Pitch Perfect 2 (2015)

Pitch Perfect 2

Pitch Perfect 2 PThe first Pitch Perfect was innocuous and mildly funny. I laughed a few times, and the singing was almost spiritual. Now the sequel is here, and it’s as funny as this year’s Ant-Man, which is to say it’s not funny at all.

I think one movie has filled my quota of a cappella harmonies. I can’t take any more. I admire a cappella singing with a zeal, but when a bunch of teenagers get together, hopping around a stage in front of thousands, humming and zooming and popping and whatnot, the focus isn’t so much on the talent of the singers as it is on the elaborate grandeur of the setup and payoff. Admit it, when you watched the performances in the first film, you weren’t marvelling at the songs; you were gawking at the incredible dance routines. You saved the song appreciation for when the soundtrack came out.

I don’t even buy the fact that a cappella has the clout to draw such massive hordes of raving fanatics. Or maybe I’ve just been living in a cave where a cappella still means familiar quartets in intimate settings. Please tell me — does a cappella dominate the musical landscape as it does in these two movies? If it does, I stand corrected. Pitch Perfect and its sequel will forever live in my memory as realistic, accurate dramas. If it doesn’t, I believe these movies should be classified as fantasies and everyone’s money returned.

Most of the Bellas are back, with the exception of Aubrey (Anna Camp), the uptight ringleader. Actually, scratch that, Aubrey is in this film, but she doesn’t do much singing. Graduation is imminent; Beca (Anna Kendrick) is freaking out about what’s going to happen next. Is she going to find a path in life? Or is a cappella all she’ll ever know? Perhaps a cappella can be her path? Who knows. Who cares, really.

So what she does is join an internship programme at a local music production house that is run like Google in 1944. She delivers coffee to the employees and sits in gleefully at board meetings and recording sessions. Get this, Snoop Dogg is doing a Christmas album, and he’s worried it’s not going to stand out from, say, the Christmas album released by Dean Martin in the 1960s. Mr Dogg, you’re a rapper with a Christmas album. Think about it.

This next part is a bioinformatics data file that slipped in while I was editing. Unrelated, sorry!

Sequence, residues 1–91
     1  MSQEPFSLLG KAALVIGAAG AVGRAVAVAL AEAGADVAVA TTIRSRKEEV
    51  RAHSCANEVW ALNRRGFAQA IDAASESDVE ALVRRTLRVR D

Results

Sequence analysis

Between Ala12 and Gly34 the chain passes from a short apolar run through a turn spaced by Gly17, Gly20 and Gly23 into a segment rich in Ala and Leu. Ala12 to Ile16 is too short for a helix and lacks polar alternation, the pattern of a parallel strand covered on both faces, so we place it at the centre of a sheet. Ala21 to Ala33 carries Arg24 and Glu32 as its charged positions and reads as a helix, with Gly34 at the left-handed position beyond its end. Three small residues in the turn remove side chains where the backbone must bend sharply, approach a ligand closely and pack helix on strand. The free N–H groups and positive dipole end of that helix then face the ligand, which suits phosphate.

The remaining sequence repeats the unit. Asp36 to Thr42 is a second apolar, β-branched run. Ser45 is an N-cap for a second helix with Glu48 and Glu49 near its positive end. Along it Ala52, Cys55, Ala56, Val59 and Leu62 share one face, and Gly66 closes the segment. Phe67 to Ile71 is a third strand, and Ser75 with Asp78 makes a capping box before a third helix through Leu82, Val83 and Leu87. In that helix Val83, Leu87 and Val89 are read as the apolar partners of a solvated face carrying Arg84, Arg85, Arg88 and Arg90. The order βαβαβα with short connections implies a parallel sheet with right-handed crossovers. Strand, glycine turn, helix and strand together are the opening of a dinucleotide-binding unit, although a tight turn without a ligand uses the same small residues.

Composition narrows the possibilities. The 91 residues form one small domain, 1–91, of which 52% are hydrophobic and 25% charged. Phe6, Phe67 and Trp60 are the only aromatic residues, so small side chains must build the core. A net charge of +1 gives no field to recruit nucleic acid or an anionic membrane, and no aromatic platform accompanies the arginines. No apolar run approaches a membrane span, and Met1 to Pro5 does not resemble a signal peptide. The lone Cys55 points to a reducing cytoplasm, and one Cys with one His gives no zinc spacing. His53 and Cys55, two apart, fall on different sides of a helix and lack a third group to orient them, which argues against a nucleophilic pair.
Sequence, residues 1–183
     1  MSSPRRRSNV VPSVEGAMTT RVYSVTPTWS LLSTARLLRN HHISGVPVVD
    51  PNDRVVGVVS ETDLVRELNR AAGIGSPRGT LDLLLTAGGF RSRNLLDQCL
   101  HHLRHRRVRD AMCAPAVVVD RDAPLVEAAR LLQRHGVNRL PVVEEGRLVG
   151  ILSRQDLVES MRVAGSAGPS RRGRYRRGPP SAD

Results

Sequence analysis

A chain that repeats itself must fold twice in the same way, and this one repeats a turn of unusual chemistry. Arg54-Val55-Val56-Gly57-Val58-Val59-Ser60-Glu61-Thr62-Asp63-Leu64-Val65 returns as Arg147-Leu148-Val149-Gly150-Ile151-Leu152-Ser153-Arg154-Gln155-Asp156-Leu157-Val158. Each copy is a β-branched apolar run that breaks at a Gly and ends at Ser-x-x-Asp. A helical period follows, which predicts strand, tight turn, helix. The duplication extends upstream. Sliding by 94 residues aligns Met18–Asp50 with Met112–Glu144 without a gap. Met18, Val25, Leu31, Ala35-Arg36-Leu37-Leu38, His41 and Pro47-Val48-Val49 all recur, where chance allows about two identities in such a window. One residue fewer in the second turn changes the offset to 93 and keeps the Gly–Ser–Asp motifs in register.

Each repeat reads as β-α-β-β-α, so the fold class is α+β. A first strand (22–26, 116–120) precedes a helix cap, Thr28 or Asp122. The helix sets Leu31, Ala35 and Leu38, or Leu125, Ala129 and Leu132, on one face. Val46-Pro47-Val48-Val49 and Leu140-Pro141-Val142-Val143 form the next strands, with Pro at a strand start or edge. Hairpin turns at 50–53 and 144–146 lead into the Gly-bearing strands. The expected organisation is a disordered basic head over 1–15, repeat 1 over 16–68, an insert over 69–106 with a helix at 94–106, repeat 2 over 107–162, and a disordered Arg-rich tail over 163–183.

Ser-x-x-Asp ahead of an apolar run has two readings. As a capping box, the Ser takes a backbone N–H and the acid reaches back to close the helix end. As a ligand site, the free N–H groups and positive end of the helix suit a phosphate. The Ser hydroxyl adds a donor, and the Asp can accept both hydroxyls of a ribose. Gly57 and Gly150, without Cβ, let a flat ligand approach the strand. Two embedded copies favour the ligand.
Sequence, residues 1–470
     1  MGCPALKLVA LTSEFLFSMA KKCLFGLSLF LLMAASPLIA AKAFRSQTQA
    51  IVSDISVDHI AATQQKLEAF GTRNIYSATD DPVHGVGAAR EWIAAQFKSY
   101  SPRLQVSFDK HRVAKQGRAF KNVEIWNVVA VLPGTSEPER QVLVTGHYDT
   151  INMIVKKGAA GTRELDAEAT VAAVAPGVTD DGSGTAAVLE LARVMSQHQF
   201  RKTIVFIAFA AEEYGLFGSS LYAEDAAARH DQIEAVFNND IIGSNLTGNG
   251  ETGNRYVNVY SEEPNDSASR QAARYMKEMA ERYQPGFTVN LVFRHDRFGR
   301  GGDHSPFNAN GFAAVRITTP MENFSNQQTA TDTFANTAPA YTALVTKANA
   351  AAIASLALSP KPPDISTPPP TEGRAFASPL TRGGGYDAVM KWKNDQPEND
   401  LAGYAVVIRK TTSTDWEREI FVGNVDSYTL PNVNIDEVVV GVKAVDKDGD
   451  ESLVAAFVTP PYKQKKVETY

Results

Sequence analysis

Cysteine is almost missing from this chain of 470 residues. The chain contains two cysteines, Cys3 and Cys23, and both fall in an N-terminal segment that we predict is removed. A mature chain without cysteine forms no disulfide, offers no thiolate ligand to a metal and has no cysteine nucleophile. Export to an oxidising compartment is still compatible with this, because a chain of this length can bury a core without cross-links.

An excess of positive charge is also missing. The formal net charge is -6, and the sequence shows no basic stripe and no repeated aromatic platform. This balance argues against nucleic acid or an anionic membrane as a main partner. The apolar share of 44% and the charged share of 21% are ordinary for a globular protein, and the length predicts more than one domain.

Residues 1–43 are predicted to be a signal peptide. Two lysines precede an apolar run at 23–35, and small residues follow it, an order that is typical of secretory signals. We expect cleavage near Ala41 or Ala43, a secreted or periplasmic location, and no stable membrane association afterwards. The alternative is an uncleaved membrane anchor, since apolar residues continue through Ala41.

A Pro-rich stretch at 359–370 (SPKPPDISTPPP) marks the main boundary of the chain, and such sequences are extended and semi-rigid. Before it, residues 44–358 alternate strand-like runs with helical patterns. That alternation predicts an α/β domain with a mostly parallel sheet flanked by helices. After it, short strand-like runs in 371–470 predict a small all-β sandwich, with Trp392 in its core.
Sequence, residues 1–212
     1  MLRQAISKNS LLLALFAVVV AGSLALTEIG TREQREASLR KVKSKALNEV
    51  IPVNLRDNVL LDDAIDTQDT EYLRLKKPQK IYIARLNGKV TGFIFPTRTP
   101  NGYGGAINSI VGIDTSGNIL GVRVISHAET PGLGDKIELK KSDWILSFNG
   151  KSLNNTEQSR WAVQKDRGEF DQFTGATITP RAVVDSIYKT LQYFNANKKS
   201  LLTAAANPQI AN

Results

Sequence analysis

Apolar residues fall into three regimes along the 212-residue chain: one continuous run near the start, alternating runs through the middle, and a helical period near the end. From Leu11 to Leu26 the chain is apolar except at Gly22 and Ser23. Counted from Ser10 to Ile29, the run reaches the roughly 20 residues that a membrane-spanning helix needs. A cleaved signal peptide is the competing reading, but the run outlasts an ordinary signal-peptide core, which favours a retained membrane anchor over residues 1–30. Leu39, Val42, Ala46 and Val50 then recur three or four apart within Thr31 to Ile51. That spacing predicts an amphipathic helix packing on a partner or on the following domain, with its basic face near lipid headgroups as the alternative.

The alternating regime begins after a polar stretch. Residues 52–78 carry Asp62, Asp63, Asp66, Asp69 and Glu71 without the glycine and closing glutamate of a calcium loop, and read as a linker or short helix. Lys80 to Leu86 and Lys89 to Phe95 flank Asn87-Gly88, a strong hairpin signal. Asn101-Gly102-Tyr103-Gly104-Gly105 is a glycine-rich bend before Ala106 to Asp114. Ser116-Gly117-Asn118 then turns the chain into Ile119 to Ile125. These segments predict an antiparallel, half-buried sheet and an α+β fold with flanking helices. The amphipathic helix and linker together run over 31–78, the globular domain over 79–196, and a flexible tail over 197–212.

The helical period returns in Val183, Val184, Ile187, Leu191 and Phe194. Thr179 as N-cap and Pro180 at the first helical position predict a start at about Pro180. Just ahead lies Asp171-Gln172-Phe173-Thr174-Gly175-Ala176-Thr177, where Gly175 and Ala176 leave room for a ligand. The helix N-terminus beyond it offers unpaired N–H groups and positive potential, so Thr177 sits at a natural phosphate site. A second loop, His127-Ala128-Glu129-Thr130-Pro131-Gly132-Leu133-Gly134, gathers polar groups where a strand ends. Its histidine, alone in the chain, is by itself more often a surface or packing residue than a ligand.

Elsewhere, the Bellas have been disqualified by Barden University after a catastrophic performance in front of President Obama redefines the definition of “open for business”. Chloe (Brittany Snow), the new leader, is devastated. A cappella is her life! She’s already postponed graduation twice because she’s afraid of leaving the group. Now the college doesn’t even recognise them! That’s okay. The Bellas decide to take on the World Championships in Copenhagen, a global tournament where a cappella troupes from all over compete for the grand prize, which is — I don’t know.

The ones to beat are Das Sound Machine, the German superpower that’s an uncanny cross between the drones in Lang’s Metropolis (1927) and the electronic band Kraftwerk. I make a false comparison, however, because DSM covers not a single German song throughout the entire film. I’d have served them better angling them next to The Supremes. Anyway, the Bellas travel to Copenhagen on an invisible budget (since they’re no longer sponsored by their college) and do battle against all sorts of ethnic groups. You know they’re ethnic by the way they’re dressed. Props to the costume department.

Should I tell you who wins?

Pitch Perfect 2 is all bark and no bite. It threatens to wow us with impassioned singing and heartfelt collegiate drama, but ends up accomplishing neither. Yes, the songs are catchy, but we’ve heard them all before. There’s a newcomer, Emily (Hailee Steinfeld), and she’s sort of spunky and fun, but the movie never lets her take off. Instead, she’s constantly overshadowed by her seniors. And boy oh boy, someone please tell me what the two commentators, played by director Elizabeth Banks and John Michael Higgins, are doing in this movie. Higgins is given such crass, misogynistic, racist, sexist lines it’s a wonder he’s able to recite them and still live with himself. Crude humour can be funny, when done right. Higgins, who I am sure knows how to do humour right, seems to have misplaced the vital ace of spades. And now the whole house has come crumbling down.


Best Moment | Umm, no.

Worst Moment | Higgins’ lines.

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